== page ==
Optimisation of Word documents with large embedded images.

I’ve got a large multi-page word document with many images that have been embedded at their native camera resolution (which is far greater than is necessary, given their size on the pages). I want to turn it into something much more compact. Is there a utility somewhere that will resize and recompress images inside a Word doc? Freeware would be nice, of course…

Have you tried “save as” (same name), which for many programs, removes junk in the file that may be taking up extra space?

Creating a PDF, if the settings are right, will downsize the images, but of course you won’t be able to edit them afterwards.

And you could resize the images in a photo program, then re-import them to the original doc.

Sorry, that’s all I’ve got.

Thanks - the person I’m trying to help has tried all of that - it might be that this is just ordinary file bloat, but even a PDF doesn’t seem to pack down as small as might be expected.

, Unfortunately, the interface where I am now is in Hebrew. I will try to translate to English from memory, but the functions may still have different names.

Right-click on any of the pictures in the Word document.
In the pop-up menu, select “Format picture…” (on my version, second line from bottom)
In the “Picture” tab, select “Compress…” (A button at the row just above “OK” and “Cancel” buttons)
Choose “All pictures in document” in “Apply to”. Choose “Site/Screen” in “Change resolution”. Mark both options “Compress pictures” and “Erase areas cut off pictures”

Press OK
Press OK when warned it will lower the pictures’ quality, and Apply / OK to all open dialog boxes.
(you may have to wait a while.)

Save under a new name.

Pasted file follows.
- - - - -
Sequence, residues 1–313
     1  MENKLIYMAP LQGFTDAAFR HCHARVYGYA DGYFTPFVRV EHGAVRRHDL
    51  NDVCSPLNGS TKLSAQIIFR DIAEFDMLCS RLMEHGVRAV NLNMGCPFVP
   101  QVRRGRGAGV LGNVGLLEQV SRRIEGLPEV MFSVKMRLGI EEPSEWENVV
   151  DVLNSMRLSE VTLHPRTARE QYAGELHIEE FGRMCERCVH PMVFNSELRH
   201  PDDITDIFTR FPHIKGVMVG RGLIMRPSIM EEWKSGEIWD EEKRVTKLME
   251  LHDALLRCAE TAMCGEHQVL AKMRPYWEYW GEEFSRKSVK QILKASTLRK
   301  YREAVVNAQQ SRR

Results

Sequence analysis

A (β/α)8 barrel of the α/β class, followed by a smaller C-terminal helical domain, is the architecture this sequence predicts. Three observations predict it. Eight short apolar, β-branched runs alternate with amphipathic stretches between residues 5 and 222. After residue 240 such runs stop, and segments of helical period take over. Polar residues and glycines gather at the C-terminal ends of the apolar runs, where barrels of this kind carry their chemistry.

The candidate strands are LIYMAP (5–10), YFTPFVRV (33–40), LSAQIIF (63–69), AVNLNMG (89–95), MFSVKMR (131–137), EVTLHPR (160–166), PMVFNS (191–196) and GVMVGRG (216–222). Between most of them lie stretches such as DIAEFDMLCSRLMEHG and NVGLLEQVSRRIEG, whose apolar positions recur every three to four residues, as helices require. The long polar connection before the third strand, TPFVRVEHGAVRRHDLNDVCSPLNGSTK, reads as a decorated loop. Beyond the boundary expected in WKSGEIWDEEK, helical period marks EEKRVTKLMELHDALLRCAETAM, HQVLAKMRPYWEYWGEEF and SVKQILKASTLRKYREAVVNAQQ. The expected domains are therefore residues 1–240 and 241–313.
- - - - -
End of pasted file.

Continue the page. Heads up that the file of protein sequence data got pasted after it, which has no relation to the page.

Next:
Check size.

The function Puzzler outlined sounds like what you are looking for, as long as “change resolution” means resampling. The trim option sounds good if you have cropped any images. (My version of Word doesn’t have those options.)

The version of Acrobat Distiller I use is very old, but even it has options to resample at a specified DPI and a compression value – this is lossy compression – from low to high. Fiddling with these numbers has produced very small files, with an attendent data quality loss to be sure, but small enough to be called tiny, if that is what you need. I imagine the newer versions have even more options, so don’t overlook this if PDF will work for you. One advantage of PDF output is your original will not be altered.

You could try Picasa from Google - free photo software that has a nifty export function that allows you to save resized, smaller photo files in .jpg format.

Unfortunately, neither does mine. I think I may have to report back that the request itself is inherently flawed - producing a massive document in Word, then asking “how do I now make this smaller?” is just the wrong way to do it, I think.

I am pretty sure you are right, I’ve had this issue with process documents containing screenshots. The problem is related to the version of Word used to create the doc - some versions automatically recompress to display size, some don’t. The trouble is, I no longer remember which version does what. I always shrunk the images first, but occasionally had to reprocess an entire document to resize bloated images. You could macro it (does XP do macros anymore?) -
select the image,
cut it out of Word,
paste it into <image editor of choice>,
resize to <appropriate percentage>,
select all,
paste back into Word.

And some PDF generators don’t shrink images to smaller resolution - they contain the full source bitmap then tell the PS printer/renderer to display at the desired size. or the generator renders the image as a .bmp or something equally inefficient (uncompressed TIFF, maybe).


Our engineers always paste screen shots directly into word docs and the size of the doc soars. I make a copy of each original image in Photoshop, index them and save them in tiff format. Then I insert the tiffs into the document after deleting the originals. The doc size shrinks dramatically. Just one directly-pasted bmp can sometimes add a couple megabytes. I’m assuming you don’t have Photoshop, but I believe you can do the same in the native Windows image editor (Paint? Or has it changed names? – Just looked: still called Paint, and it allows you to save as tiff.)

If the Word file does not contain sensitive info, I don’t mind doing it for you.

Thanks for the offer, but unfortunately the large size is probably going to make it unmanageable to send (that’s actually the problem in the first place)